Underwood hosts discussion on rural broadband accessibility

U.S. Rep. Lauren Underwood, D-Naperville, speaks to the Northwest Herald editorial board on Sept. 3, at the Northwest Herald in Crystal Lake.
U.S. Rep. Lauren Underwood, D-Naperville, speaks to the Northwest Herald editorial board on Sept. 3, at the Northwest Herald in Crystal Lake.

The COVID-19 pandemic has made many people change their work and school arrangements, working from home or starting online learning.

With that, many have faced internet connectivity issues.

On Monday, U.S. Rep. Lauren Underwood, D-Naperville, hosted a virtual roundtable with the Federal Communications Commission and local stakeholders to discuss improving rural broadband in northern Illinois communities.

FCC Commissioner Jessica Rosenworcel discussed challenges that communities across the country are facing with rural broadband and connectivity during the pandemic, according to a news release.

“Federal investments in broadband infrastructure and internet access will be necessary in the short term during this pandemic, as well as an essential part of our country’s economic recovery,” Underwood said.

The Heroes Act, passed last month, set an Oct. 1 deadline for new data to help guide these investments.

“We must not make these investments for the 21st century using 20th century math,” Underwood said.

Underwood sent a letter to the FCC Chairman Ajit Pai urging for implementation of the Broadband Data Act to help with recovery from the COVID-19 pandemic.

During the event, Underwood and Rosenworcel heard from educators in Plano, Sandwich and Newark about how important internet access is to their teaching during the pandemic.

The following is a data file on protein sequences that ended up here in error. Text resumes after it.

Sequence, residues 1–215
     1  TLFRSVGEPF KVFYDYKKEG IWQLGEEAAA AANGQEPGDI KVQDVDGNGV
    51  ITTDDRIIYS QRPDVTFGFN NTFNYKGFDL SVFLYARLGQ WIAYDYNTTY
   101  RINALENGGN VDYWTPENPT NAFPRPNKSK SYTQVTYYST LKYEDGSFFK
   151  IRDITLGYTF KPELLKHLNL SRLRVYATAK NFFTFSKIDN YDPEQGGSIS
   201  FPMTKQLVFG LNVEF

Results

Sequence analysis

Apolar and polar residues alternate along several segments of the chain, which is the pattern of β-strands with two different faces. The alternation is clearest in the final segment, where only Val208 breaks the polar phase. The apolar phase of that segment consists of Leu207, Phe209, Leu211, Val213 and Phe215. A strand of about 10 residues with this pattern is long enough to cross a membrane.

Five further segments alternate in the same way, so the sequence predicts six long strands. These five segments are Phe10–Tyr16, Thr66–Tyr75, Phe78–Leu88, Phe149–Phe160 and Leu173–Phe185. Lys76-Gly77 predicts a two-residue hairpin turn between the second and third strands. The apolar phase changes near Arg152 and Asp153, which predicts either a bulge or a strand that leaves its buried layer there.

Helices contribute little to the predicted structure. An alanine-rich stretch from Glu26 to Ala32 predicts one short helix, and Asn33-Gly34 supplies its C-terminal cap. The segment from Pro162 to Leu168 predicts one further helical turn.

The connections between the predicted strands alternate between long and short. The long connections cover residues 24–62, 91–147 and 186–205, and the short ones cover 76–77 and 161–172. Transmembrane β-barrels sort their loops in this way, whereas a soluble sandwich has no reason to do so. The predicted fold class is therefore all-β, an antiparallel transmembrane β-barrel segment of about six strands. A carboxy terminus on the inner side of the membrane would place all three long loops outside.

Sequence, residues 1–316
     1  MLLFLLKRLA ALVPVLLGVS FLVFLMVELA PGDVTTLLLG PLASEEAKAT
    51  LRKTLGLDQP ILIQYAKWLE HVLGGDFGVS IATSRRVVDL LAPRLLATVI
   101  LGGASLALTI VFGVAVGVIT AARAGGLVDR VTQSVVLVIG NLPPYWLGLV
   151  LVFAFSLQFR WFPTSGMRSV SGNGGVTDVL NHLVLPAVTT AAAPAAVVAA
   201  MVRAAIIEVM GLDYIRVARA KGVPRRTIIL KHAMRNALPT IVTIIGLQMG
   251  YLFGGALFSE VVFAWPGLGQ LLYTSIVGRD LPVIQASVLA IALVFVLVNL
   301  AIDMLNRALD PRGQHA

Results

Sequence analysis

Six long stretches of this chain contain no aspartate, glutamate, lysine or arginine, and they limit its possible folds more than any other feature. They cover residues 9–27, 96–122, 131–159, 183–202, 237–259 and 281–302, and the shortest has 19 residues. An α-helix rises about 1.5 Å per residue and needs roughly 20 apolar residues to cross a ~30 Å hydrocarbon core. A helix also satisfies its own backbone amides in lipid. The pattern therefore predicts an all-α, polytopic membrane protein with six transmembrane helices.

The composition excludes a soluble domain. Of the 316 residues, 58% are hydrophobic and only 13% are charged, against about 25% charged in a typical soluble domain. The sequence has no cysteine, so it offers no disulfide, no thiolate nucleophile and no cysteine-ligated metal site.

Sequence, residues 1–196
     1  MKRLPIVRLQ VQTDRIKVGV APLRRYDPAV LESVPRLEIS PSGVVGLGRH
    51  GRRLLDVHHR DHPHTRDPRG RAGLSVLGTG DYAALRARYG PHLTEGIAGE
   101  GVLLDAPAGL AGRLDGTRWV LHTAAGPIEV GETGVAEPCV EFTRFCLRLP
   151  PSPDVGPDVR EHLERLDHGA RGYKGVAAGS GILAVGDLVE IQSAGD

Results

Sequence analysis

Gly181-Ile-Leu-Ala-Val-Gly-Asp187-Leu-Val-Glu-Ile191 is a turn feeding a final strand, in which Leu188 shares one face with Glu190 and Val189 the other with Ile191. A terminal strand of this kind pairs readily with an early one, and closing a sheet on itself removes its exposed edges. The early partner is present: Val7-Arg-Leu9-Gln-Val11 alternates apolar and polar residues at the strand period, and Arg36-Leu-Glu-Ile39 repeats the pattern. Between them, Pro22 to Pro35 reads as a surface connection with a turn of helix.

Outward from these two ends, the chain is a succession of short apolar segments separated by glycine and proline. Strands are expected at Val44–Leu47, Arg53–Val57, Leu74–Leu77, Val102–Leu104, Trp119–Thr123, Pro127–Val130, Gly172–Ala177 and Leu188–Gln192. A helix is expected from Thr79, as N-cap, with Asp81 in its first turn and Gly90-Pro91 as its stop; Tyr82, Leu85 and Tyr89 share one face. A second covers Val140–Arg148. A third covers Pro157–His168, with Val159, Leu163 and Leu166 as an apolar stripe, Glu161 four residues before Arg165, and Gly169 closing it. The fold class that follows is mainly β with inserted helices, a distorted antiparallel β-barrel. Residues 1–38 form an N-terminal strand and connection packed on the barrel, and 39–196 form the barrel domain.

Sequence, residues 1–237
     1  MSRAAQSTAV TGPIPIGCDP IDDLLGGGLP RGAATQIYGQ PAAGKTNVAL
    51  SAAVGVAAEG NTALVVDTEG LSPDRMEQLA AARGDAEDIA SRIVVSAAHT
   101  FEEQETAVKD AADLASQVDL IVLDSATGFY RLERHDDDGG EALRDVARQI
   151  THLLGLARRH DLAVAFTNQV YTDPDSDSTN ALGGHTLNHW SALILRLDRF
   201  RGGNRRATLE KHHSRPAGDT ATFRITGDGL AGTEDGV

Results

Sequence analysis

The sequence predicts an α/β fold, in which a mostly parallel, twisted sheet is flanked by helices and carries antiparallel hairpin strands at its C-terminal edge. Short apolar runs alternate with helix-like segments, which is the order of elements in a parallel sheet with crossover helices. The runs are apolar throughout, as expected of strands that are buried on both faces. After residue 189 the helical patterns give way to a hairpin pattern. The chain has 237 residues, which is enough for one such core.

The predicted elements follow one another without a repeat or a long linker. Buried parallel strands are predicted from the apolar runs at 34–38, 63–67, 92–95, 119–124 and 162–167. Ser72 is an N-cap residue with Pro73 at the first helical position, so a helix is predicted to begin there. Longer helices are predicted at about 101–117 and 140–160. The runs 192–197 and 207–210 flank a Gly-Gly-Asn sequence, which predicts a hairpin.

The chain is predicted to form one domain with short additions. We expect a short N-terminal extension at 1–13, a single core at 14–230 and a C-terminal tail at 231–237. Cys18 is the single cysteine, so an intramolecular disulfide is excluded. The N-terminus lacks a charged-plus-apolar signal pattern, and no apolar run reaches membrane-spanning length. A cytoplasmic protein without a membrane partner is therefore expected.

“These schools acted swiftly to provide students with satellite hot spots when bandwidth was unavailable,” Underwood said. “They have been covering the cost of the hot spots and in some cases had to wait months for them to arrive due to the high demand.”

Underwood said that many schools are planning on using e-learning to some degree in the coming school year and will rely on students having access to the internet.

A Harvard constituent wrote to Underwood that his broadband service at home was so slow he could not work from home, Underwood said. “Forcing him to choose between risking his job or his health.”

There are students who are unable to complete school work and parents who can’t work from home while their children do online learning due to their internet access being too weak, Underwood said.

Rosenworcel said that there are millions of students who go to school where they have internet access, but they go home at night and don’t have broadband.

“This crisis has revealed some really hard truths,” Rosenworcel said. “One of them is that the digital divide in this country is really big. As a nation, we got asked to go online for work, for health care, for entertainment, and for school.”

Rosenworcel wants to make sure that Washington policymakers make it easier for educators to teach students who don’t have internet access at home and get those students connected.

“The FCC for more than two decades has had a program called E-Rate that helps our nation’s schools connect to the internet,” Rosenworcel said. “We’ve got to figure out how to use that program to meet this moment and make sure that every student also gets connected at home.”

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